Understanding the Age of Extinction
We are living through a biodiversity crisis, or what scientists are calling the ‘sixth mass extinction’, as around 1 million species face extinction, many within decades.
May 7th 2021
It has been over a year since the emergence of the SARS-CoV-2 virus, also known as COVID-19, which has impacted just about every aspect of the 21st century status quo. Although many businesses and sectors have been able to pivot to a sustainable new normal, some industries like that of the travel and tourism industry, which accounted for 9% of the UK’s economy, has had it’s chronic frailty exposed and has been left fighting for survival in the economic ICU.
With public health the understandable priority, the first quarter of 2020 saw airlines grounded, businesses closed and national lockdowns introduced. Although there has been subsequent loosening and tightening of restrictions since then, the travel and tourism industry has been majorly impacted throughout, which has led to approximately 2.4 million job losses, more than half of the sector’s jobs in 2019.
As well as the impact at an individual level, we are also seeing the industry, which usually generates £200bn annually, set to lose £37bn over the last 12 months according to VisitBritain Chief Executive Patricia Yates. This is the brutal impact that a global pandemic has had on an industry that was one of the country’s fastest growing sectors and had even been predicted, prior to the emergence of COVID-19, to reach an estimated value of £257bn by the year 2025.
As of the 8th of June 2020, the British government introduced a mandatory 14-day self-isolation period for tourists and travellers entering the country in order to stop the spread of COVID-19. This regulation meant that 2020 had to be all but written off as a revenue stream for many businesses. In 2019 inbound tourism was estimated to be worth £28bn to the UK economy, compare that to an estimated value of £6bn in 2020 and you have a record fall of 78% thanks to the plummet in international tourism, which also represents a return to the same levels as 30 years ago.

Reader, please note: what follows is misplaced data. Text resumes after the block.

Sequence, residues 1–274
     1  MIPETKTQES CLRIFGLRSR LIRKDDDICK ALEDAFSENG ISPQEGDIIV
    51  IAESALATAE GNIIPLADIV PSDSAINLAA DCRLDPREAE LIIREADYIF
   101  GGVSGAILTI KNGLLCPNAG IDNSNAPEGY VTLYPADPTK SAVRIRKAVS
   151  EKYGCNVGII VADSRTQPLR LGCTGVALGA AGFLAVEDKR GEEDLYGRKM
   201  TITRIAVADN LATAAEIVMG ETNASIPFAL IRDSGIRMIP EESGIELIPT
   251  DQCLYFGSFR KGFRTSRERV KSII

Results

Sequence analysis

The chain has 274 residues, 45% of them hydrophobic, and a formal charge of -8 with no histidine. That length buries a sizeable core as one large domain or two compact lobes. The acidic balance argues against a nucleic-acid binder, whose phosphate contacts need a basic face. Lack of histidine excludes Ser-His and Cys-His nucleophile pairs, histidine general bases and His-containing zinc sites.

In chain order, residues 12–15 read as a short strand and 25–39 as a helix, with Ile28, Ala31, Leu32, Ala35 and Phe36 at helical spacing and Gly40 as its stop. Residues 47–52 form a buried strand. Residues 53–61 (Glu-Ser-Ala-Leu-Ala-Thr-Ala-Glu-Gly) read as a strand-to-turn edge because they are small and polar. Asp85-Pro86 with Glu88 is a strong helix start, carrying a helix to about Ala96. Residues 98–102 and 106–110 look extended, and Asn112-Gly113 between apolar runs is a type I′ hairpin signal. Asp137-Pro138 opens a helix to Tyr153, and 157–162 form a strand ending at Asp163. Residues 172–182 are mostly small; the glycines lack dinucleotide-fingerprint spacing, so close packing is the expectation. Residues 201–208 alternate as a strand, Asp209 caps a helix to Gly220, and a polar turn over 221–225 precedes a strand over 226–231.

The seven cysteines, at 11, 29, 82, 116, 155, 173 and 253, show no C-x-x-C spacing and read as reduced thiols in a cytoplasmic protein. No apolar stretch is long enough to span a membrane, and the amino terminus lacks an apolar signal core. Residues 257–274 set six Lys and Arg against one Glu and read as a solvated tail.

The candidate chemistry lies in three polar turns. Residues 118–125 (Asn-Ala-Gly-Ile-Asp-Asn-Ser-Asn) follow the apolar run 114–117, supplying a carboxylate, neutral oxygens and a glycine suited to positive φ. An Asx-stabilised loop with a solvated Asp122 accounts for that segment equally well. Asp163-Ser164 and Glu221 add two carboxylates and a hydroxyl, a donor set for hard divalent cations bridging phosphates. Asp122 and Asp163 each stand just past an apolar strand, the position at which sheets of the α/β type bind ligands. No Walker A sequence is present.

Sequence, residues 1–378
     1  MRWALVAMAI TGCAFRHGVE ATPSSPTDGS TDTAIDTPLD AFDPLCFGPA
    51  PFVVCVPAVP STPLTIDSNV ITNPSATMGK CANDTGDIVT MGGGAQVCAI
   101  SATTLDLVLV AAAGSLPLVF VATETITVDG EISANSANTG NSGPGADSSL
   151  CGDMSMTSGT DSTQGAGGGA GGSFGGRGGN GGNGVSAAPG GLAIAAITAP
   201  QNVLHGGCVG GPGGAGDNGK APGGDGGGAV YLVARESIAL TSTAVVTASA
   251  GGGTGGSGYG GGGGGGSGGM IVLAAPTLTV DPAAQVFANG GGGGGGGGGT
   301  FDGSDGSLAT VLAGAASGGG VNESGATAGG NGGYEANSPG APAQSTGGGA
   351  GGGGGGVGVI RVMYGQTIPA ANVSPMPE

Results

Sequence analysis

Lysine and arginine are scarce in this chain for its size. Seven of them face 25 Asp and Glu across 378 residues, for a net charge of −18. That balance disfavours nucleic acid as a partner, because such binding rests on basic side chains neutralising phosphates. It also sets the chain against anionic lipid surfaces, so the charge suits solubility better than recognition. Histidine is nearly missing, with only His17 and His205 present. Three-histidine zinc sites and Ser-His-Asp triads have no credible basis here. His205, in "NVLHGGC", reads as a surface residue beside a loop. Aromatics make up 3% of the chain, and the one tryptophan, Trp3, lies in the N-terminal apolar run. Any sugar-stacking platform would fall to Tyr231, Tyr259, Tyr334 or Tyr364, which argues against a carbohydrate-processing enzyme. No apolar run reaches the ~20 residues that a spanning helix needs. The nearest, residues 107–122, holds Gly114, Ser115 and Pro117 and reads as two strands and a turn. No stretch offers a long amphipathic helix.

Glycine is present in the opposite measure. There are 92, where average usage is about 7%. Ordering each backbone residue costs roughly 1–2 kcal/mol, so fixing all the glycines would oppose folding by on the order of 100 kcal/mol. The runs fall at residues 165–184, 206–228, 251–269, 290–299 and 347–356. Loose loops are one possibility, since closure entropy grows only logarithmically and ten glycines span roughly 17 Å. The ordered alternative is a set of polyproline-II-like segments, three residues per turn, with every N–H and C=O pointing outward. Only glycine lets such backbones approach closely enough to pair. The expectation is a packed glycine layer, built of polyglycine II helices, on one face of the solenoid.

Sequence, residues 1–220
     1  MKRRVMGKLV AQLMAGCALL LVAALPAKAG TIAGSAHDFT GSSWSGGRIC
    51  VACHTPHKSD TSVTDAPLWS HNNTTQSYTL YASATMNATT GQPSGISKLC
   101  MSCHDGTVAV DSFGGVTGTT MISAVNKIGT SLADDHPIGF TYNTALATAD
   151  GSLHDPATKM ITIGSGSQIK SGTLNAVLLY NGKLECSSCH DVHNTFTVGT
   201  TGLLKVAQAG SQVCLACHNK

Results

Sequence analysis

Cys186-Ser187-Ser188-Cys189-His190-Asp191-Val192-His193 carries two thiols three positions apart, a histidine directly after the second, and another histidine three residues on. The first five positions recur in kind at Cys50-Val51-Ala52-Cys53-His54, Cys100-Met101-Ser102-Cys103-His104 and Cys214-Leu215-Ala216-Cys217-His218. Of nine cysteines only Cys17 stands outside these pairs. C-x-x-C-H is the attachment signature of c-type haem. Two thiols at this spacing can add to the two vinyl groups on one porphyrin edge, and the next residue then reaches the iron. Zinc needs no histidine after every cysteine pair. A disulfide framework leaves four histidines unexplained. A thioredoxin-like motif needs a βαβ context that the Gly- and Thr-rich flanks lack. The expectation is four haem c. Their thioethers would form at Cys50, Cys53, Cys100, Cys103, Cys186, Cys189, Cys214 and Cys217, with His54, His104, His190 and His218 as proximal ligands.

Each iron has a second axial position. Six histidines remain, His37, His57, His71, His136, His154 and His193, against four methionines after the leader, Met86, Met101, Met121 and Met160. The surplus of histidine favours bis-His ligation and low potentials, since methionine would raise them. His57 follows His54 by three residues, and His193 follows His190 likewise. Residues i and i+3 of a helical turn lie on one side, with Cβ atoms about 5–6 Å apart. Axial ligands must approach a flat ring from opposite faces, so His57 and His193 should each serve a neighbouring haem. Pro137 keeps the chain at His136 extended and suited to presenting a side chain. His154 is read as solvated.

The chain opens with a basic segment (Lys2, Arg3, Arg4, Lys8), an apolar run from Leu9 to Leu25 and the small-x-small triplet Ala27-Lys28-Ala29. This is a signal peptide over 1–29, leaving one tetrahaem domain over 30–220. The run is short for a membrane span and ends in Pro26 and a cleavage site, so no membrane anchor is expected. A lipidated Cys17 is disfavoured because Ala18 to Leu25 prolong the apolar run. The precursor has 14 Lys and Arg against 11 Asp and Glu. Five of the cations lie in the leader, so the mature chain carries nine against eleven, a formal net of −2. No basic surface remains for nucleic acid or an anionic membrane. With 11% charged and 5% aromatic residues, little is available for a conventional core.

On a global scale The World Tourism Organization predicts a rebound in international tourism by the second half of 2021, although with the latest national lockdowns and rampant new strains it remains to be seen whether the UK will follow the same timeline. One thing that is expected is further travel restrictions with the UK government reluctant to rule out restrictions during Spring and Summer until the rate of transmission appears to be under control.
As new variants of the virus are detected we can expect to see the banning of flights to certain countries like that of South Africa and Portugal in order to protect the UK from more virulent strains. Towards the end of 2021 there is hope that travel will become less restricted, although there is no doubt that measures like quarantines and PCR tests prior to flying are most likely here to stay for the medium to long term.
The devastating impact of COVID-19 and complications with international travel has been felt here at WorkingAbroad. The volunteer sector within the UK itself has suffered with 80% of volunteer organisations predicting a negative impact on delivering their objectives over the next 12 months and a further 10% think it likely they’ll be forced to close. Although faced with challenges, with your help, we will still be offering our volunteering opportunities abroad and will continue to support wildlife conservation and community development projects.
With the rollout of a vaccine it starts to look like the beginning of the end for a chapter in history, the impacts of which won’t be fully known for years to come. What is for sure is that the next few months are critical; the post-recovery period will depend on the level of hysteresis and institutional efficacy. Beyond this there is scope to come out of this stronger; governments and practitioners within the industry must develop a new loaded mechanism that is ready to combat future crises, while also undergoing the transformation needed to build a stronger,
more sustainable and resilient tourism economy.
Written by WorkingAbroad Blog Writer, Barnaby Bourton
Photo source: dronepicr